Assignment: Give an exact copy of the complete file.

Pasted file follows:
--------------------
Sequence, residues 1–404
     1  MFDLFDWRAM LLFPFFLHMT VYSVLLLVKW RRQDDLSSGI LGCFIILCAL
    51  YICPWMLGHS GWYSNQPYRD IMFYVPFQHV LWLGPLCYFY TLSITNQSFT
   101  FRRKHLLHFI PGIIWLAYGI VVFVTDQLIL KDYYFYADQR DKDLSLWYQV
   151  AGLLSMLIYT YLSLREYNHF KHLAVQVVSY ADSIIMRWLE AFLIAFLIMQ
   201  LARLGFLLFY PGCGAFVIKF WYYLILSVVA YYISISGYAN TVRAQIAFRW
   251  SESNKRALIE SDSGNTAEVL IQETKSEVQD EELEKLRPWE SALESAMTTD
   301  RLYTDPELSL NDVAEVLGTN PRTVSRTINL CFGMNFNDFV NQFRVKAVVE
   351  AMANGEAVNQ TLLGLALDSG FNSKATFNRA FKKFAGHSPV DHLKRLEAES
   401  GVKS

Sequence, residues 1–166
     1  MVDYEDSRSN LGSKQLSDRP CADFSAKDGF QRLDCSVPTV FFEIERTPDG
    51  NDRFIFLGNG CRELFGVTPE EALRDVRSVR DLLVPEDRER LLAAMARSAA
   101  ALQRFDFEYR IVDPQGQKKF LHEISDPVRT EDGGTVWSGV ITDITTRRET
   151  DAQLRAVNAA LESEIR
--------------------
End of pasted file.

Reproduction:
Sequence, residues 1–404
     1  MFDLFDWRAM LLFPFFLHMT VYSVLLLVKW RRQDDLSSGI LGCFIILCAL
    51  YICPWMLGHS GWYSNQPYRD IMFYVPFQHV LWLGPLCYFY TLSITNQSFT
   101  FRRKHLLHFI PGIIWLAYGI VVFVTDQLIL KDYYFYADQR DKDLSLWYQV
   151  AGLLSMLIYT YLSLREYNHF KHLAVQVVSY ADSIIMRWLE AFLIAFLIMQ
   201  LARLGFLLFY PGCGAFVIKF WYYLILSVVA YYISISGYAN TVRAQIAFRW
   251  SESNKRALIE SDSGNTAEVL IQETKSEVQD EELEKLRPWE SALESAMTTD
   301  RLYTDPELSL NDVAEVLGTN PRTVSRTINL CFGMNFNDFV NQFRVKAVVE
   351  AMANGEAVNQ TLLGLALDSG FNSKATFNRA FKKFAGHSPV DHLKRLEAES
   401  GVKS

Sequence, residues 1–166
     1  MVDYEDSRSN LGSKQLSDRP CADFSAKDGF QRLDCSVPTV FFEIERTPDG
    51  NDRFIFLGNG CRELFGVTPE EALRDVRSVR DLLVPEDRER LLAAMARSAA
   101  ALQRFDFEYR IVDPQGQKKF LHEISDPVRT EDGGTVWSGV ITDITTRRET
   151  DAQLRAVNAA LESEIR